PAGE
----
Need to derive more representative and annotated molecular datasets from diverse populations
Edinburgh researchers led a study that emphasises the need for more diverse and better annotated cancer transcriptomics datasets: August 2020
Transcription is the first of several steps of DNA based gene expression in which a particular segment of DNA is copied into RNA (especially mRNA) by the enzyme RNA polymerase. Quantitative analysis of RNA molecules in the cell can provide valuable information on “activity state” and “expression patterns” of different genes. In fact, analysis of cellular RNA plays increasingly important role in anticancer drug discovery, cancer diagnosis and designing of personalised therapies.
As pools of RNA transcripts in cells are also known as transcriptomes, the techniques used to study them are often referred to as transcriptomics technologies or simply transcriptomics. Transcriptomics are powerful research tool. They are frequently used to analyse clinical samples from cancer patients providing important insights into molecular characteristics of their tumours.
An ever-increasing number of cancer transcriptomics datasets are now available enabling researchers to perform highly informative retrospective gene expression analyses. Thus, gene expression data from studies utilising cancer cell lines or animal models can be compared with clinical datasets to evaluate the reliability of model systems to recapitulate the disease. The clinical datasets can also be used to assess associations between putative oncogenes or tumour suppressors and different signalling pathways or clinical characteristics to examine whether certain subgroups of tumours have elevated or reduced expression of particular genes. It is therefore important that the spectrum of available clinical cancer transcriptomics datasets accurately reflects the spectrum of tumours at the population level, and that these clinical datasets are annotated with information needed to maximise their utility.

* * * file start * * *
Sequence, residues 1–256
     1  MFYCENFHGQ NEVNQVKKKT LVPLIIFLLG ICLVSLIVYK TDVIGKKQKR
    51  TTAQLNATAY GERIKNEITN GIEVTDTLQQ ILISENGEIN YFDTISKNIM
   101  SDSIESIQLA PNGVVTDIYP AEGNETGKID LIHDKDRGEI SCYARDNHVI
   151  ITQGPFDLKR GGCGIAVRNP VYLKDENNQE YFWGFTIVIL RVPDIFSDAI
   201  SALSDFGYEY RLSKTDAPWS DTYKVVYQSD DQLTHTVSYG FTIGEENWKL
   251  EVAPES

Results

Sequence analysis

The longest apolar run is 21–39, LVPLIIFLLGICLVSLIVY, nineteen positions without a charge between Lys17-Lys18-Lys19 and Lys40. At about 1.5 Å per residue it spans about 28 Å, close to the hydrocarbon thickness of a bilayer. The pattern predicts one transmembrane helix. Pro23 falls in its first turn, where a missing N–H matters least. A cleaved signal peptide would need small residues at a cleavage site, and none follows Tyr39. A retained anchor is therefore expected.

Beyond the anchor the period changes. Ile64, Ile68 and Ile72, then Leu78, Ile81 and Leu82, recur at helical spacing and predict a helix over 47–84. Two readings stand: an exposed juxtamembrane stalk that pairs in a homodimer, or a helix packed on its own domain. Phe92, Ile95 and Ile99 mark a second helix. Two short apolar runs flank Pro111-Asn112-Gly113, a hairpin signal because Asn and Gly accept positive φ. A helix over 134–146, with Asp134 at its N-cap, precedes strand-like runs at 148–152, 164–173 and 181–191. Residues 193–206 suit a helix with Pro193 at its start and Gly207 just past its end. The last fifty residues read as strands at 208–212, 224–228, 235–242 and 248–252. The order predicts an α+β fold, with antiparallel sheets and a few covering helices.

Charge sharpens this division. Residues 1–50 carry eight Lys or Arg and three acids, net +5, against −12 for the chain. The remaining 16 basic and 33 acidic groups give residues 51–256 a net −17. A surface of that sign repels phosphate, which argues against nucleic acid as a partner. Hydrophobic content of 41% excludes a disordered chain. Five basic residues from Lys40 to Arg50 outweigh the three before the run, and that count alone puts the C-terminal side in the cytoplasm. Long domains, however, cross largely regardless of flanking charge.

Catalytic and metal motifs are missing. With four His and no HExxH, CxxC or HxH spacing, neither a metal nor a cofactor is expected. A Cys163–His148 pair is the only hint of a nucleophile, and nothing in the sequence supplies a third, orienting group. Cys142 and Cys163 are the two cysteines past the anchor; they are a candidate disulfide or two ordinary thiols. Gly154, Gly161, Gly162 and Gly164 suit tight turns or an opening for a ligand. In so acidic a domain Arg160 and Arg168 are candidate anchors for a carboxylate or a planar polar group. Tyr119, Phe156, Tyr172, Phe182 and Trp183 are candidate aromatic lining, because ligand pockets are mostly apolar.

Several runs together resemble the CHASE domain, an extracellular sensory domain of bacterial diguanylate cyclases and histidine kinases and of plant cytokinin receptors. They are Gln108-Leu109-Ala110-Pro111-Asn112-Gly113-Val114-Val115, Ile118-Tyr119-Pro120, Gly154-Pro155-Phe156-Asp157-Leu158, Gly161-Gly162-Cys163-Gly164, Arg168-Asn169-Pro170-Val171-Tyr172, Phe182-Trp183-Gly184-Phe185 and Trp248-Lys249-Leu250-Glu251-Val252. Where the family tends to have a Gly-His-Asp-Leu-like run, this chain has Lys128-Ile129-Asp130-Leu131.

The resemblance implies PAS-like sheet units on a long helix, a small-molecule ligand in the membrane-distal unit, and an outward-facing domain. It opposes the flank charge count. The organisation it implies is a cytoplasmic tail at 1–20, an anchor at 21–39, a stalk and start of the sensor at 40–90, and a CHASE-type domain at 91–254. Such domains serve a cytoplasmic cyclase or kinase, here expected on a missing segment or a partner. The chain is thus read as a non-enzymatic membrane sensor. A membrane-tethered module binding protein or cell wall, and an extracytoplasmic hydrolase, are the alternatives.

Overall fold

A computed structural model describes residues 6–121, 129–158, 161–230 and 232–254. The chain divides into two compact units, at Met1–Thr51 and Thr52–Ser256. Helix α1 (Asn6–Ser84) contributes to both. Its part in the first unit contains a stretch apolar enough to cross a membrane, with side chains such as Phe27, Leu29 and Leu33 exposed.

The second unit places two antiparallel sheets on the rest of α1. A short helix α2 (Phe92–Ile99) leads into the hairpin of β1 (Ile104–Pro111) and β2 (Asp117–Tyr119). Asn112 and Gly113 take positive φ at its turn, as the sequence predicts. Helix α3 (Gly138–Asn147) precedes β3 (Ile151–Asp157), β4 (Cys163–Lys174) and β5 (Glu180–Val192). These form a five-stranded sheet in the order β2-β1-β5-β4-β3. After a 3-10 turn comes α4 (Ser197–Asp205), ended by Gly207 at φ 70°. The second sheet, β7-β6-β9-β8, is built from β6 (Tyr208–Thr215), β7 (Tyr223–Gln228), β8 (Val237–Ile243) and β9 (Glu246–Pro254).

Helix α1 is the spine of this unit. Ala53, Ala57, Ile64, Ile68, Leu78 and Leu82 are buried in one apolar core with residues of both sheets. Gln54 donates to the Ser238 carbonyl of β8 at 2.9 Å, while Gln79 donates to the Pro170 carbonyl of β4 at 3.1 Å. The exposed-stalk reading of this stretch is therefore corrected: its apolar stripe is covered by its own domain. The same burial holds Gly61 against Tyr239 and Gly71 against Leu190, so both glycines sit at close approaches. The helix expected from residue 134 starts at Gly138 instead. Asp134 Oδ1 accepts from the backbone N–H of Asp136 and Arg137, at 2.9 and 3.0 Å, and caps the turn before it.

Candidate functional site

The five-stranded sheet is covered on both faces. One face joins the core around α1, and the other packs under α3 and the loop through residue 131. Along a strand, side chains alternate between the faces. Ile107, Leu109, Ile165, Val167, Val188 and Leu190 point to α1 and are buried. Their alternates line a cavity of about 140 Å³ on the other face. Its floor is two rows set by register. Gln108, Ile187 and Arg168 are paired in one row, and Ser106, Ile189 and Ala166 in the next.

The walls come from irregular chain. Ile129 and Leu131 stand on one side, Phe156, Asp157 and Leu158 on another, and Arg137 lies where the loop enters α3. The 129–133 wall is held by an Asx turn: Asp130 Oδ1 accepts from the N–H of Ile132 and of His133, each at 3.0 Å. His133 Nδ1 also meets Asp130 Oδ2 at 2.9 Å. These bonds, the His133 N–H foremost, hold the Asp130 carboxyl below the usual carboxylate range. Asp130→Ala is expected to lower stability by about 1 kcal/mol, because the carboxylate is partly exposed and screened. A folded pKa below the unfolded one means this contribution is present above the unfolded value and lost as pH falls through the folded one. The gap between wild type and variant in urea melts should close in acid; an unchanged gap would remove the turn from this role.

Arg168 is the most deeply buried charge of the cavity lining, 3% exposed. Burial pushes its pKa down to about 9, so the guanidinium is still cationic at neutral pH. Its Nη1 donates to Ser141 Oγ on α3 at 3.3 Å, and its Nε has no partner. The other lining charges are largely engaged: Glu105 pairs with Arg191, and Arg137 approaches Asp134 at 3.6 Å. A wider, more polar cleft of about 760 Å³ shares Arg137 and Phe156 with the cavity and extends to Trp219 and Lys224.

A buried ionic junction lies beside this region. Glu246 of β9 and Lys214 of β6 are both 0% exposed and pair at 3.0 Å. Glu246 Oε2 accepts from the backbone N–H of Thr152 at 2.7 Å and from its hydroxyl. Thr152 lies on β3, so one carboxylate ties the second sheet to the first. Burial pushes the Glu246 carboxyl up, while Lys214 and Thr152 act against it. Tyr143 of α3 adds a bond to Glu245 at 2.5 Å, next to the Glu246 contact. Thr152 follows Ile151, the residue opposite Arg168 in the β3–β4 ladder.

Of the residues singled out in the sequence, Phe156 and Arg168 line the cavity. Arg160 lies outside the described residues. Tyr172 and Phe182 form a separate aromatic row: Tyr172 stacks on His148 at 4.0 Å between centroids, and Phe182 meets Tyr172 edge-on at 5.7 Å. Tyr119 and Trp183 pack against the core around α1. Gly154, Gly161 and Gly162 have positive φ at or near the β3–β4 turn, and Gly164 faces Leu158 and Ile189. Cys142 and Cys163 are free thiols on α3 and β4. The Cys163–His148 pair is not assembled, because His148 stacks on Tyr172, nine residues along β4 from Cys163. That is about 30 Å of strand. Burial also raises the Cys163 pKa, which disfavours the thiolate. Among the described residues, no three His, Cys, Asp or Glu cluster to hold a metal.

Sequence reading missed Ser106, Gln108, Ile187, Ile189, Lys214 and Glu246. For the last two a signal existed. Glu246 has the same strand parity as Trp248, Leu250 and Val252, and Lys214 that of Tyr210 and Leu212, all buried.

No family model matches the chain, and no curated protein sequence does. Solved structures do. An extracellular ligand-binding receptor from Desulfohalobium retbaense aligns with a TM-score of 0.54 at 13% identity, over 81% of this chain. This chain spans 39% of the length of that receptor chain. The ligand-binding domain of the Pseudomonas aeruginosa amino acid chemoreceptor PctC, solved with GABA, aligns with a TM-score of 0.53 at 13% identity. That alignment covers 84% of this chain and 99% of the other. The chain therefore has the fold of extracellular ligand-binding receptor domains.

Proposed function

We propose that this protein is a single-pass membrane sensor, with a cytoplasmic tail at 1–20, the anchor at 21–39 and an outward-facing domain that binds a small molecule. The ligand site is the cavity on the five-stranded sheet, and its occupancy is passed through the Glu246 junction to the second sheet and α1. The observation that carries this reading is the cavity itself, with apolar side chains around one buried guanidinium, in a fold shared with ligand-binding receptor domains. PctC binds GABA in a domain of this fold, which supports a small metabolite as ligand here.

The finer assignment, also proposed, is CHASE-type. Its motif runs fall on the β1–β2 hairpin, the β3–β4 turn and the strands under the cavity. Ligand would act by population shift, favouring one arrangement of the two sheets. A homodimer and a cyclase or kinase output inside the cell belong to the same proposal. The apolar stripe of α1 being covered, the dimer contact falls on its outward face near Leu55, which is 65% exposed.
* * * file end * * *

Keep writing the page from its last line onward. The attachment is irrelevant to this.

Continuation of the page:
In a recent study titled “Breast cancer gene expression datasets do not reflect the disease at the population level” and published in the journal npj Breast Cancer, investigators from the University of Edinburgh, UK and the National Cancer Institute, USA describe their conclusions from analysing 70 breast cancer datasets accounting for 16,130 patients from 20 countries across 5 continents. The work, led by Doctor Andrew Sims and Doctor Jonine Figueroa from Edinburgh Cancer Research Centre, demonstrated that publicly available breast cancer gene expression datasets tend to be enriched for high grade, estrogen receptor negative (ER-) tumours from European ancestry patients. The results of the study emphasise the need to derive more representative and better annotated molecular datasets from diverse populations. Suggestions for possible ways to achieve this are also presented in the paper.
The work was supported by funding from Cancer Research UK, Breast Cancer Now, Wellcome Trust, UKRI Global Challenges Research Fund and the National Cancer Institute.
Article in npj Breast Cancer: https://www.nature.com/articles/s41523-020-00180-x
Doctor Andrew Sims Group website: https://www.ed.ac.uk/cancer-centre/research/sims-group
Doctor Jonine Figueroa Group website: https://www.ed.ac.uk/cancer-centre/research/jonine-figueroa
Information about breast cancer: https://www.cancerresearchuk.org/about-cancer/breast-cancer
Facing breast cancer: https://breastcancernow.org/information-support/facing-breast-cancer
Information about transcription: https://www.khanacademy.org/science/biology/gene-expression-central-dogma/transcription-of-dna-into-rna/a/overview-of-transcription
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